Hong Kongers Cast 'Protest' Vote Against New Security Laws

Ruben Fields
July 13, 2020

When requested what involved them most in regards to the legislation, firms largely echoed issues voiced by worldwide governments and civil society teams, saying they're anxious in regards to the ambiguity of the laws's scope and enforcement, the risk it poses to Hong Kong's prized impartial judicial system and the danger the town may lose its standing as a world monetary hub.

The legislation, which punishes secession, subversion, "terrorism" and collusion with foreign forces with up to life in prison, has further strained relations between the United States and China.

Most companies said they were adopting a "wait-and-see" approach to the law, while some firms were planning to reduce trade and investments in Hong Kong, as well as business travel between the city and the U.S. While two-thirds of companies said they had no plans to leave, about one-third said they would consider moving assets, capital or business operations out of Hong Kong in the "medium-to-long run".

"Individuals who have organized, prepared or participated in the principal election really should avoid carelessly violating the law", he claimed.

When asked what concerned them most about the law, companies largely echoed concerns voiced by foreign governments and civil society groups, saying they are anxious about the ambiguity of the legislation's scope and enforcement, the threat it poses to Hong Kong's prized independent judicial system and the risk the city could lose its status as a global financial hub.

Late Friday night, police raided the offices of the Public Opinion Research Institute, a polling company that was helping to organize the primary elections.

The organizers maintain that the high turnout (170 thousand participants were expected) is a resounding rejection of Beijing's measures which entered into force on June 30.

However, the police raid may have helped publicize the primary election, with news of the event circulating throughout the city.

A woman uses her phone while waiting to vote during the primary elections in Hong Kong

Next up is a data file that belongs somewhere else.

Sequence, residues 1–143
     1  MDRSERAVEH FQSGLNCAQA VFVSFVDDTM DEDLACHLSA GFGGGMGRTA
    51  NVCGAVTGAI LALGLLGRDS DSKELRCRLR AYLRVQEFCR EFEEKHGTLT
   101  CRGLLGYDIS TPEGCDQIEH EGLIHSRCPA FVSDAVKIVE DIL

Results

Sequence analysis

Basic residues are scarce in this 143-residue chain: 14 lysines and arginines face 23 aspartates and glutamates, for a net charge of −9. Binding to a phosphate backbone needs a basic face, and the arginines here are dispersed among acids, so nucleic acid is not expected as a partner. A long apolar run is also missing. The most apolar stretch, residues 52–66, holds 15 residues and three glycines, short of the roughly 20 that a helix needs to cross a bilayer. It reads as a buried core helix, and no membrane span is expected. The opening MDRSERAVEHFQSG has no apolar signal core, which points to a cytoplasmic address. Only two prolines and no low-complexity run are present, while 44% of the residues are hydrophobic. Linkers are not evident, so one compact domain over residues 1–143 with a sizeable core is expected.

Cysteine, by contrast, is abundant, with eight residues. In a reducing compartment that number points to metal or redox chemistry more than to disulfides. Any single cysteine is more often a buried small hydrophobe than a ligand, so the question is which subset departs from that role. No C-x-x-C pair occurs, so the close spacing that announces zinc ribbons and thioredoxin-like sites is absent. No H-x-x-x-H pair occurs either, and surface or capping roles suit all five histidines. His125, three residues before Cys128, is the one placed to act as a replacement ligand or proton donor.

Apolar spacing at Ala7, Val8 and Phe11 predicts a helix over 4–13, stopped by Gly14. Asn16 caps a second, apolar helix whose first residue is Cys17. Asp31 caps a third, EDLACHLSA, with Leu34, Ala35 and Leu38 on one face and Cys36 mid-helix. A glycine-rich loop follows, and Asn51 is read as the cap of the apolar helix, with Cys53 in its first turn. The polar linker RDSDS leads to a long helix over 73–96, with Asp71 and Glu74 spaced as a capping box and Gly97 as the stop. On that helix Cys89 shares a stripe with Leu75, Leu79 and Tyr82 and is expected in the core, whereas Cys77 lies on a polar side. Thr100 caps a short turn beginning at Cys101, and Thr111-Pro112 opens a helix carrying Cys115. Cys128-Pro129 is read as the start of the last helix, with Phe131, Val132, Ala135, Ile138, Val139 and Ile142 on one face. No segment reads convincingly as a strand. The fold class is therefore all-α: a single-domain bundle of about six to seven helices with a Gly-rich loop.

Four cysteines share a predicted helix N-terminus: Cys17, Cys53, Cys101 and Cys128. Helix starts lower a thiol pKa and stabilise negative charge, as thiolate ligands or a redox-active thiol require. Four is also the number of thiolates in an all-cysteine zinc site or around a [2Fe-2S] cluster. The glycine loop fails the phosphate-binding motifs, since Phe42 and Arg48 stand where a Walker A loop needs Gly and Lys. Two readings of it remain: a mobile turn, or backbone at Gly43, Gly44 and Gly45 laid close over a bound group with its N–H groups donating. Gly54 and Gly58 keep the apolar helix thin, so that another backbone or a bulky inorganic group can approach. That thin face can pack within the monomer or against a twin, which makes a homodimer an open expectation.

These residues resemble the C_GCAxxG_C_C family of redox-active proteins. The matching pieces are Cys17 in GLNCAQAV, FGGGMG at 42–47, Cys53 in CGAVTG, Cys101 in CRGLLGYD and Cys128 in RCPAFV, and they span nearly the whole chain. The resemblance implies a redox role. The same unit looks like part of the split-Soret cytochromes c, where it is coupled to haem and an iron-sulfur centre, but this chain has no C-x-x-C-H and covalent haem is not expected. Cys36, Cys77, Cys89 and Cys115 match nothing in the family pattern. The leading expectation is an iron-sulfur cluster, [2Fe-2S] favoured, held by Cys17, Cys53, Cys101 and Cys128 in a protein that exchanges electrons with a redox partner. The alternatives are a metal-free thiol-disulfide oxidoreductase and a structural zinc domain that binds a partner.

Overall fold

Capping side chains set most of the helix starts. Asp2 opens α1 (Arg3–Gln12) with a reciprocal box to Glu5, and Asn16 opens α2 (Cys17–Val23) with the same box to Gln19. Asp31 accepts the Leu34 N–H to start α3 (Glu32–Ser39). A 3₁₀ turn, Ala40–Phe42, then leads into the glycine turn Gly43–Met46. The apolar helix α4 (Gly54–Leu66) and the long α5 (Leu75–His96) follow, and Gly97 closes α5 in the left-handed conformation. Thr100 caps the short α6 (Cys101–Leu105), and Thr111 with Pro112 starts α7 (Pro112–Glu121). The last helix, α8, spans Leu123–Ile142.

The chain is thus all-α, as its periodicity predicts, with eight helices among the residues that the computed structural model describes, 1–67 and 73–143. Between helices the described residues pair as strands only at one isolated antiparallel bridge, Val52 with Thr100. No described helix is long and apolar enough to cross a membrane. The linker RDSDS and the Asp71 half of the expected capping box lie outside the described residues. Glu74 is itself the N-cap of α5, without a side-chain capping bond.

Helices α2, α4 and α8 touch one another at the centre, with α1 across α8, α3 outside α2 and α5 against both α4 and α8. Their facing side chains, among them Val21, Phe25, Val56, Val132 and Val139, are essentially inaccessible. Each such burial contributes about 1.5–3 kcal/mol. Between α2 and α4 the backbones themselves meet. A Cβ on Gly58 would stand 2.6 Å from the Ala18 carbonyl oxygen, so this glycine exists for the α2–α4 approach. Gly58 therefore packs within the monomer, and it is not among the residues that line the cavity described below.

People queue up to vote in Hong Kong, on July 12, 2020, in an unofficial primary for pro-democracy candidates ahead of legislative elections in September. "But I'm not afraid of any "white terror" since I'm only exercising my rights".

He was also a local legislator who co-founded the Demosisto Party with another well-known activist, Joshua Wong. Online, people cleaned up social media profiles and deleted accounts, and asked contacts to delete WhatsApp messages from them.

He characterized such conduct as "secession"-one of the four types of conduct proscribed by the Law of People's Republic of China on Safeguarding National Security in the Hong Kong Special Administrative Region". Canberra said it will also offer a path to citizenship for Hong Kong people, following the UK's promise to allow some 3 million Hong Kong people to settle there if they wish.

A plurality of respondents said the law will be negative for their own businesses and agreed with the notion that the prospect of those arrested under the law being extradited to mainland China "is a game changer for Hong Kong as a financial center".

While the government has repeatedly insisted that the law will only affect a small minority of Hong Kong people and that it is necessary to protect national security, it has met with widespread opposition both in the city and overseas. "Many others are very involved and contemplating their choices".

Almost 70% of respondents to the AmCham survey said they have gradually become more concerned about the law.

CNN's Eric Cheung contributed reporting.

Coronavirus vaccine: Thailand plans trails for potential candidate in November
Till now only a Chinese vaccine by CanSino Biological Inc has been approved for use on the military for a period of one year. The person who gets the booster form of the vaccine is guaranteed to get protection against the virus for two years or more.

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